During the inbound flight, the crew maintained radio communications and flight following with MASCI and ERA in accordance with MASCI's procedures. Approximately 2007 hours and 50 miles from Lake Charles, the flight contacted Lake Charles Approach Control, requested an IFR clearance to conduct the VOR- DME COPTER 010 approach to Cameron, and were issued a discreet transponder code. At 2017 the flight transmitted "I don't know if you ever picked us up...we're 28 DME...is it ok to go ahead and shoot this uh, uh, Copter One approach?" This was 2 miles from the final approach fix.

Lake Charles Approach replied, "...I just picked you up, right when you called...you appear to be just comin' on the final approach fix." N2620 responded "yes sir we are...we're 27 DME indicated." Lake Charles responded "...2620 roger, I'll monitor you to uh, you can cancel IFR and uh, and uh, we'll just go from there... radar contact." N2620 replied "OK, good deal. Radar contact." During interviews, the accident pilot and copilot stated they understood this to mean that they had been given an IFR clearance to conduct the approach in IMC conditions.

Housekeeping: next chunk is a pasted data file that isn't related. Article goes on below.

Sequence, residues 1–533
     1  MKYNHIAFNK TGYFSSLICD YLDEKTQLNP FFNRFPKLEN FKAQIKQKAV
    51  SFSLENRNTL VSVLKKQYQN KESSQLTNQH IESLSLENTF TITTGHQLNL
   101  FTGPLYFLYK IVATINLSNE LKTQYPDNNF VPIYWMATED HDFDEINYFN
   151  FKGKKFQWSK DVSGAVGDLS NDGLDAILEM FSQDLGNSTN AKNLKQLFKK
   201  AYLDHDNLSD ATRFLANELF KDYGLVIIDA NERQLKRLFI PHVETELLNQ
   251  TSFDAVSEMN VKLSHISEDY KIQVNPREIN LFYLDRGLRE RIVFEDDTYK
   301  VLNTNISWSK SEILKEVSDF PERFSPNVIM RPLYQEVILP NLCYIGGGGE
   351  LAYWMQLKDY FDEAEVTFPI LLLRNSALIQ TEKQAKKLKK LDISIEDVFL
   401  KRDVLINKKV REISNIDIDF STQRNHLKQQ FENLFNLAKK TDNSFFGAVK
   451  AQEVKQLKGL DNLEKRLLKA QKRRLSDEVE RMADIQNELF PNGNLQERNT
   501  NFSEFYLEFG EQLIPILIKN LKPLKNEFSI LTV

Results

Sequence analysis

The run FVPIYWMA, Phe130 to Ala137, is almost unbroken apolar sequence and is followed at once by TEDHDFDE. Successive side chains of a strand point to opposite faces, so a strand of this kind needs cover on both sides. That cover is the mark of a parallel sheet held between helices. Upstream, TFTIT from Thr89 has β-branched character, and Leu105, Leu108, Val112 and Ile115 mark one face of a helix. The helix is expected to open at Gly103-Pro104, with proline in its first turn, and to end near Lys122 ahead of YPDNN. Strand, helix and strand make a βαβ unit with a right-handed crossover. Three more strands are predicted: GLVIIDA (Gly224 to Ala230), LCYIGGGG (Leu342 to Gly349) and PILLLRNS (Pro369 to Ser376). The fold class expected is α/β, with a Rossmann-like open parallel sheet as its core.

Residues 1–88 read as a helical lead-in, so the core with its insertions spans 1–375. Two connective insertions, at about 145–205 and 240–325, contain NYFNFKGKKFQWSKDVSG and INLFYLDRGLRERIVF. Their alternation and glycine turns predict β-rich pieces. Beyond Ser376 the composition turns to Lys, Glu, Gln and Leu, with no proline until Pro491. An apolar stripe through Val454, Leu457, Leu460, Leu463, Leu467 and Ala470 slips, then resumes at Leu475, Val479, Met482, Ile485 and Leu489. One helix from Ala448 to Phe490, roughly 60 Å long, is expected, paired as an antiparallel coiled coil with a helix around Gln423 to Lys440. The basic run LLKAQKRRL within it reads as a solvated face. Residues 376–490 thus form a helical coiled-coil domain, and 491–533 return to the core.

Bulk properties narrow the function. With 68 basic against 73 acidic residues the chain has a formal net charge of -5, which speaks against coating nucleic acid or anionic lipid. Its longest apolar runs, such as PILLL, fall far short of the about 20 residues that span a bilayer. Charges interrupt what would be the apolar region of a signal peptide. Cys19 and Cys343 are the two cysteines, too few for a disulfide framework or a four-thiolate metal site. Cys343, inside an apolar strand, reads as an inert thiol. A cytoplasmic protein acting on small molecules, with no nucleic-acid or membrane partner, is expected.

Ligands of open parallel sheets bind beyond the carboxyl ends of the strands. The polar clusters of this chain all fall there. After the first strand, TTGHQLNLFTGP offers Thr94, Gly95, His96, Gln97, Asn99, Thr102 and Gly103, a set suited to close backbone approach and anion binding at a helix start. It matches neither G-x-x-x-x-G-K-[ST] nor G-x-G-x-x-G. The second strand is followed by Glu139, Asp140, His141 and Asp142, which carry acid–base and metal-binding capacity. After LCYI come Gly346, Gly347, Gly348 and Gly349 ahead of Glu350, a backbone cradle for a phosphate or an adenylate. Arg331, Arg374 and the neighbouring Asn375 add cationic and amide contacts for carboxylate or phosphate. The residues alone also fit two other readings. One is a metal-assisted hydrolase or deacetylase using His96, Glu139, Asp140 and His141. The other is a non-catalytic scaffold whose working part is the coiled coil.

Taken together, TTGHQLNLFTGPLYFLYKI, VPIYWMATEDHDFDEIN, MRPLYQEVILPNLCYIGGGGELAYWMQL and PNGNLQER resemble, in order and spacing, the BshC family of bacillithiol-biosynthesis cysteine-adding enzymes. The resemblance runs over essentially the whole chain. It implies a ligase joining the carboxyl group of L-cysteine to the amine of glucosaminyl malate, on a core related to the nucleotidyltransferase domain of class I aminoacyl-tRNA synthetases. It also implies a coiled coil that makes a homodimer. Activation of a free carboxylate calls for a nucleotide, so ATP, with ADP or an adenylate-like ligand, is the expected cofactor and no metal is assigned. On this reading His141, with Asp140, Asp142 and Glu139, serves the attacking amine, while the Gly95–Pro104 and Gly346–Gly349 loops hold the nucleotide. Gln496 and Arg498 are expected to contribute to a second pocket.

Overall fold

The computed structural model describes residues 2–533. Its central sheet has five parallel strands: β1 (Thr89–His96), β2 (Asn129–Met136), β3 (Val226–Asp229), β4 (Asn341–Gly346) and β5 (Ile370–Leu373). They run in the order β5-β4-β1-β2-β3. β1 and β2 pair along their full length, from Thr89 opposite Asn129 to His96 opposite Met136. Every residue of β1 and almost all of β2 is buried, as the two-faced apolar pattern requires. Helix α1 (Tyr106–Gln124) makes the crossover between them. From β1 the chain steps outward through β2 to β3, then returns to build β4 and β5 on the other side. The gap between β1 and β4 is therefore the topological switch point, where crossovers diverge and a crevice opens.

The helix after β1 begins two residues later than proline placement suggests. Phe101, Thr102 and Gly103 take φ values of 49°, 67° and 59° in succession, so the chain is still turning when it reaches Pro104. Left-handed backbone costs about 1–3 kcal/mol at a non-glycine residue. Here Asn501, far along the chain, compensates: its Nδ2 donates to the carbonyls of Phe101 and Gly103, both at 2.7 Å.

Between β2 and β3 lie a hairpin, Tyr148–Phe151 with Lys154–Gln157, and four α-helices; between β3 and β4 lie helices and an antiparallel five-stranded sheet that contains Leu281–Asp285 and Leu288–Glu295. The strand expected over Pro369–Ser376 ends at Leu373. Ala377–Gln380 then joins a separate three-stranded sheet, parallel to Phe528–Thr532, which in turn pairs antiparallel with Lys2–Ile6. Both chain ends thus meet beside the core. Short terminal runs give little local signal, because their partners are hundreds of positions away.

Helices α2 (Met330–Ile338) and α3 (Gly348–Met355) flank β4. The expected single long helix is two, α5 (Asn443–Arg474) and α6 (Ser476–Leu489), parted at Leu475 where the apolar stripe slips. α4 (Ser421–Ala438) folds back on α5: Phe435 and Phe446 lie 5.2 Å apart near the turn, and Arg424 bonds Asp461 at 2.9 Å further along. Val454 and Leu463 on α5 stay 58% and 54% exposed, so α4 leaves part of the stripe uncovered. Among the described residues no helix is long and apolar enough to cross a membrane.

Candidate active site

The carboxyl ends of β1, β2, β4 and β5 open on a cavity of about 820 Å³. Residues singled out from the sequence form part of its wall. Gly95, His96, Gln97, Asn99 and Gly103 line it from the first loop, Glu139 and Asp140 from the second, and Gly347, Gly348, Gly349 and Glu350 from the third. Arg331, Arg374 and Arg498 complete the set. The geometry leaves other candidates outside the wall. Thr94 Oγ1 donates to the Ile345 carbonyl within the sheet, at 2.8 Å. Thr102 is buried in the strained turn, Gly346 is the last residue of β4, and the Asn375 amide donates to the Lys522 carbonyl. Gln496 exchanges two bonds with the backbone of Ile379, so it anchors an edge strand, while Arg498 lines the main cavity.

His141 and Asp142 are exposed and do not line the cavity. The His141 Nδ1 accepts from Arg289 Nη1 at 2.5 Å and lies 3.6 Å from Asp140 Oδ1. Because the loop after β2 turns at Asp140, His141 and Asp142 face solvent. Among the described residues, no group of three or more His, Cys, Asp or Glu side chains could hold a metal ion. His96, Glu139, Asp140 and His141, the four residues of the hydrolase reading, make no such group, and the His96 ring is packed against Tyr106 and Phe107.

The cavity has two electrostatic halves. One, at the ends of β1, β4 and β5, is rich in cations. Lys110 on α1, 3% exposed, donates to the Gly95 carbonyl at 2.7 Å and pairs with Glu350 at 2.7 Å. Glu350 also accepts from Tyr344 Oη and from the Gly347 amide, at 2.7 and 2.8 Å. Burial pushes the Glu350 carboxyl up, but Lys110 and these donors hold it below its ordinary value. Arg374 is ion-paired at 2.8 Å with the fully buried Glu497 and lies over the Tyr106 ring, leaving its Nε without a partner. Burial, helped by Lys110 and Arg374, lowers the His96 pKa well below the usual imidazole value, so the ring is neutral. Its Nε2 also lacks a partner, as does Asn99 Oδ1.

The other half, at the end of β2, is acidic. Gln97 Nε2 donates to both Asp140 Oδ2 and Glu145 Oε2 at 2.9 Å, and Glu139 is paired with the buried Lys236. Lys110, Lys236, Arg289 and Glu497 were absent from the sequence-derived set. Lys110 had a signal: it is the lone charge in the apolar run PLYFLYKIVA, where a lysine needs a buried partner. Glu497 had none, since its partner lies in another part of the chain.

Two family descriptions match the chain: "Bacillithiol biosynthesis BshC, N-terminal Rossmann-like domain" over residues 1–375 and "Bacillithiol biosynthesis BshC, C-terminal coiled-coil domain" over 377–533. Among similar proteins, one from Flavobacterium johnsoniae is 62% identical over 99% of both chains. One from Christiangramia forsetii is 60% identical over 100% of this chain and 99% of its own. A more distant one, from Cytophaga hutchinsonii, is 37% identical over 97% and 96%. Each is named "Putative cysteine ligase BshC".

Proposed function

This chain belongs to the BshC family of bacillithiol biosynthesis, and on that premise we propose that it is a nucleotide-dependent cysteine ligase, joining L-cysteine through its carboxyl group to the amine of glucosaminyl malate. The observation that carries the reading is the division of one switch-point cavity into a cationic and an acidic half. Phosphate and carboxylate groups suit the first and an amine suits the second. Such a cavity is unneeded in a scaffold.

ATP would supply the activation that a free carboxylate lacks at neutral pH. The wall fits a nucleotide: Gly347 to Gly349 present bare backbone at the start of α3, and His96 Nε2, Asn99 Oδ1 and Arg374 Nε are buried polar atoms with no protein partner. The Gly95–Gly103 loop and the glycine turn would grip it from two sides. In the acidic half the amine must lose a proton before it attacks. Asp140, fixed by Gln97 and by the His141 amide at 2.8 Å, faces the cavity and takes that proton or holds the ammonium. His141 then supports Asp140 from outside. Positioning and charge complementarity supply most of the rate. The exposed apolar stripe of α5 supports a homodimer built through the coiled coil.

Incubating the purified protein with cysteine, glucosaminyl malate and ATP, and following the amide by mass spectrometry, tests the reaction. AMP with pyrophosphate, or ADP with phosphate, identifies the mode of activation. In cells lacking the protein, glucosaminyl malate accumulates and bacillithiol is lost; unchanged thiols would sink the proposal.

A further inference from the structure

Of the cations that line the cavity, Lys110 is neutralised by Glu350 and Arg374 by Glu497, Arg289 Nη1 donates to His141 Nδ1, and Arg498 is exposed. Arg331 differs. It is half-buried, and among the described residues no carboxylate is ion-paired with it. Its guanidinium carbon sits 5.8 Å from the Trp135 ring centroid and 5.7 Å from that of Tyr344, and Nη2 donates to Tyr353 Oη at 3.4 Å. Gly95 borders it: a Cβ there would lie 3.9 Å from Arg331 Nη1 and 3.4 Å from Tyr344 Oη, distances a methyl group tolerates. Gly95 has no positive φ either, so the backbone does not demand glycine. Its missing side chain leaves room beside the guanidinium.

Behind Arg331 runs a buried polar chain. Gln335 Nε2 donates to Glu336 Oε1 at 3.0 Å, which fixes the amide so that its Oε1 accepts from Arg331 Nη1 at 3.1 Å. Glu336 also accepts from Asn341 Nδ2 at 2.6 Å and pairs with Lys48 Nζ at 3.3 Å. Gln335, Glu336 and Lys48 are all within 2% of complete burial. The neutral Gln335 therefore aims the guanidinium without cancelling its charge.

At 2016:32 on the LCH Tower tape N2620 reported "leaving final approach fix and starting our descent to three hundred sixty." They reported to Lake Charles that "...we just broke out here, at 400 feet...we got Cameron in sight. Looks like we got underneath here, we got about...5 miles visibility... ."

The LCH ATC Tower tape transcript shows N2620 transmitted at 2018:31, "Hey Lake Charles uh Sikorsky 2620 we just broke out here at 400 feet and Cameron in sight." At 2019:00, 29 seconds later, LCH ATCT transmitted "Sikorsky 2620 report cancellation this frequency." No reply was received. Statements received from LCH ATCT, and the Principal Operations Inspector, were that N2620 was not issued an IFR clearance.

The CVR transcript shows the same transmission. Thirteen seconds later the CVR records impact sounds. No response by LCH ATCT was recorded on the CVR prior to the sound of impact. (Note: the sequence of transmissions is consistent, but the time channels vary slightly between the CVR and the FAA tower tape.)

Pilot Information

The captain, age 47, held an airline transport pilot (ATP) certificate with a rotorcraft helicopter rating, and commercial privileges for airplane single and multiengine land and instrument airplane. He held type ratings in the SK-76, BH-206, and BH-214. He held a flight instructor certificate for helicopters, and single engine airplanes, with instrument instructor privileges in both. His first class medical certificate dated December 1, 1993, reverted to a valid second class certificate, and contained the limitation of "Holder shall wear lenses that correct for distant vision... ."